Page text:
Adjacent to the Washington Convention Center and Marriott Marquis Convention Hotel in Washington, D.C. is a newly constructed 12-story, mixed-use development, consisting of a dual-brand convention center hotel, Marriott Residence Inn and Marriott Courtyard, and residential component. The project, which involved an extensive team of developers and design professionals, included the adaptive reuse of eight existing historic buildings.
A Civil War-era townhouse, dubbed “The 911 Building,” was moved along a 40-foot skate system and incorporated into the hotel as a high-end board meeting room. Six other row houses maintained their historical facades and were incorporated into the design as hospitality suites and restaurants.
The 422,000-square-foot hotel, which officially opened in November 2018, contains 504 guestrooms — 357 at the Courtyard and 147 at the Residence Inn — as well as various onsite amenities, including a ground floor terrace, rooftop terrace, indoor and outdoor recreation space, hardscape and landscape features, fitness center and bicycle storage.
While the main lobby and second level atrium’s floors are clad in Volakas marble from Greece, the remaining walls and floors in the hotel’s public spaces, restaurants and guestrooms feature porcelain, ceramic and glass tile from 15 different manufacturers — Architectural Ceramics, Atlas Concorde, Ceramiche Caesar, Crossville, Daltile, Emser Tile, Florida Tile, Iris Ceramica, Jasba Mosaic Tile, Mirage, Mutina, Refin Ceramiche, Roca Tile, SenecaCotto and 41zero42. In total, approximately 120,000 square feet of tile was utilized. Laticrete products were utilized for all aspects of the installation.
TACKLING AN INTRICATE INSTALLATION
When it came time to tile the aforementioned areas, an experienced team of installers from David Allen Company’s Bristow, VA office was enlisted. With original plans to design all of the guestrooms’ bathrooms using composite shower walls, the installers convinced the owners that tile would better suit the moisture-prone areas and provide a more upscale look.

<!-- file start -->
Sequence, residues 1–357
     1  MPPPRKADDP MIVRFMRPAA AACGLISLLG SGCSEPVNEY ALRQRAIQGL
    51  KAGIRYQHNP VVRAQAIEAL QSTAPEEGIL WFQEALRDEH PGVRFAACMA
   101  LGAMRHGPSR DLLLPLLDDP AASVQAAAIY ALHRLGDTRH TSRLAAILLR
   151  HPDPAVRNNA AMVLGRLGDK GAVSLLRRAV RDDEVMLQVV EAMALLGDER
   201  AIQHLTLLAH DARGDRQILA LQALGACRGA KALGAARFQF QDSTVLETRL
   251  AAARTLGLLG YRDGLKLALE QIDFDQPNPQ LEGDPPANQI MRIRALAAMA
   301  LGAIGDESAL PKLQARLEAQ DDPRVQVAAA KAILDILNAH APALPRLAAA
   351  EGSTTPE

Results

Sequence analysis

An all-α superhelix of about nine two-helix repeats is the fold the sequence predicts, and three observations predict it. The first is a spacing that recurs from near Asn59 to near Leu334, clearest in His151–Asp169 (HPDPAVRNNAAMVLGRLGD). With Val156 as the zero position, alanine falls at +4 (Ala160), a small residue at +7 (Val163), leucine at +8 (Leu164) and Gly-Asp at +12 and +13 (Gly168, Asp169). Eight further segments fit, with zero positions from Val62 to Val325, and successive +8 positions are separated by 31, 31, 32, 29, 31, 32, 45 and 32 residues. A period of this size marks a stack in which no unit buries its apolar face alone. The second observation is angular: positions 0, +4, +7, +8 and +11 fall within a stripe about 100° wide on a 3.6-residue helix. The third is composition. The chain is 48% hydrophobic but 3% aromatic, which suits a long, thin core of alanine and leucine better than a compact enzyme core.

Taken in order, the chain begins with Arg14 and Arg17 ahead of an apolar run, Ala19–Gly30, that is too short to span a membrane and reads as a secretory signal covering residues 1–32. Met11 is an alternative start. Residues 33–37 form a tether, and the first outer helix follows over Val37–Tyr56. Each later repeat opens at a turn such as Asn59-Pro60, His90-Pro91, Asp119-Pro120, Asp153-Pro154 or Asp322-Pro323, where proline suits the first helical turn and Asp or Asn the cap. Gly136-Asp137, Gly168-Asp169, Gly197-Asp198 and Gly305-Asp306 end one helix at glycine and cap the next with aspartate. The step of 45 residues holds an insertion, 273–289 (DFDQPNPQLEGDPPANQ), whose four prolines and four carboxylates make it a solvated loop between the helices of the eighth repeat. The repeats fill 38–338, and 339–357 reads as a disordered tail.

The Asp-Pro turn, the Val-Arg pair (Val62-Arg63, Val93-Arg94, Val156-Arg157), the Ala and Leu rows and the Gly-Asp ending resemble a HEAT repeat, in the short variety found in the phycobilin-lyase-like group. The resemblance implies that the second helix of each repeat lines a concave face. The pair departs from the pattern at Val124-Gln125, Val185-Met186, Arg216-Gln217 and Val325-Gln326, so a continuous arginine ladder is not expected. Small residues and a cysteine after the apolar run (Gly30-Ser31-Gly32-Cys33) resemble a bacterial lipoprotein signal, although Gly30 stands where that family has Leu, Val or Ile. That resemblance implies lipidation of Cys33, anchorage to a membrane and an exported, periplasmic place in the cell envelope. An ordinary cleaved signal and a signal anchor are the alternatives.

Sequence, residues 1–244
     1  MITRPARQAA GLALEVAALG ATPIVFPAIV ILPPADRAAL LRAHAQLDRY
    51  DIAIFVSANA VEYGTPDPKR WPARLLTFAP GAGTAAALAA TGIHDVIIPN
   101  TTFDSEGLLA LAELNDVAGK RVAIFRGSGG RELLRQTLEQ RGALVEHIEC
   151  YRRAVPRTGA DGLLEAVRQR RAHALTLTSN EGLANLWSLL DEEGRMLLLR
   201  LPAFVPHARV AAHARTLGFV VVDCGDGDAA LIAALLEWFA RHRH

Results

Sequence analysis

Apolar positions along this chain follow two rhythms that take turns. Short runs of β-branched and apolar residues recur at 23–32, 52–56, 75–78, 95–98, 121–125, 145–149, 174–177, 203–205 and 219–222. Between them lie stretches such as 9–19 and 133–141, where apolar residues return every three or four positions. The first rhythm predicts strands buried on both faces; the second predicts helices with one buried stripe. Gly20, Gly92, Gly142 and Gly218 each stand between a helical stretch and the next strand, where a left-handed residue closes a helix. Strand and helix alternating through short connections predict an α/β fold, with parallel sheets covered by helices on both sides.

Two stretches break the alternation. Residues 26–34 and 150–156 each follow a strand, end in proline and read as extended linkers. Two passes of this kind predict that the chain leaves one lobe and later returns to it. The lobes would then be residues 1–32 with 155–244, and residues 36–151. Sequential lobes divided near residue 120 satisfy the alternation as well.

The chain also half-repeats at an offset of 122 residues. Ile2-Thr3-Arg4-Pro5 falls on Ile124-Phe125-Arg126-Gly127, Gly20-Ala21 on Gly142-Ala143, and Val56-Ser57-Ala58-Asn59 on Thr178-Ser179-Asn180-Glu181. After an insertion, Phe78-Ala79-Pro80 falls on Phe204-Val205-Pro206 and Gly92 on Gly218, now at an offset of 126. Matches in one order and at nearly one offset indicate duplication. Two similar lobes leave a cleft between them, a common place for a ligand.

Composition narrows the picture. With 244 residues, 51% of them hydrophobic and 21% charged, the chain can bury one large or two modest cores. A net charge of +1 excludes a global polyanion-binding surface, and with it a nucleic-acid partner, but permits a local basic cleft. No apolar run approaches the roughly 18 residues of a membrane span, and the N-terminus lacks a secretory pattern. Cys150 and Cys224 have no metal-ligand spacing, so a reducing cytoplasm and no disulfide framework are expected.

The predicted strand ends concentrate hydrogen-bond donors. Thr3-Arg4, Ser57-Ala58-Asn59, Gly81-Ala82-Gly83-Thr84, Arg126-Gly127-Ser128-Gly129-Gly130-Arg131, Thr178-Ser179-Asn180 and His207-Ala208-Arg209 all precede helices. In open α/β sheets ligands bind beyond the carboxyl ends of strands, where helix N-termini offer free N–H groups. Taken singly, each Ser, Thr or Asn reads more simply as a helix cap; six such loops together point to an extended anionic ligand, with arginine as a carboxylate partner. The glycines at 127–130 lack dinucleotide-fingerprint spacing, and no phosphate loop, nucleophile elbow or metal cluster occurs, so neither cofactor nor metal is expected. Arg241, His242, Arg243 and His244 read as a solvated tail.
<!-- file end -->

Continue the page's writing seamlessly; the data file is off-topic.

“Mock-ups completed a year in advance led the design team and owner to conclude that tile was a more desirable finish. Tile was considered an upgrade to the originally specified solid surface materials,” said Chris Walker, vice president at David Allen Co. “We worked with the owner and designer who selected a glazed 12- x 24-inch wall tile. That change added approximately 54,000 square feet of tile on the project,” added Cynthia Bendiksby, project manager at David Allen Co.
Bendiksby, who managed the project from start to finish, explained the process David Allen Co.’s field superintendents use to survey all wall and floor surfaces prior to tile installation, specifically in each of the 504 guestrooms. “Items that needed to be addressed were quickly identified by our surveys, then provided to the general contractor,” she said. “This becomes the detailed record of all surfaces receiving tile for the project. If any remediation was required, David Allen Company prepared the condition to meet the required tolerances.”
In the elevators and all adjoining lobby floors, 6- x 24-inch tiles from Daltile’s Elements collection were used. “The 6- x 24-inch tile patterns required great attention to detail and were not forgiving to any variations in the substrate,” said Bendiksby. “Again, our pre-installation surveys identified the best way to achieve the required tolerances, including limited bushhammering in areas or using a variety of Laticrete's flowable mortars and patching materials. The elevator lobbies were installed so that the pattern flowed from the lobby into the elevator when the door opened on each and every floor.”
For the restaurant floors, the thinset tile installations were “married into the wet-set stone elevations,” according to Walker. V-shaped tiles were custom-cut from Architectural Ceramics’ Elements collection in three neutral colors, “Ash Grey,” “Botticino” and “Crema Luna,” to create a one-of-a-kind pattern.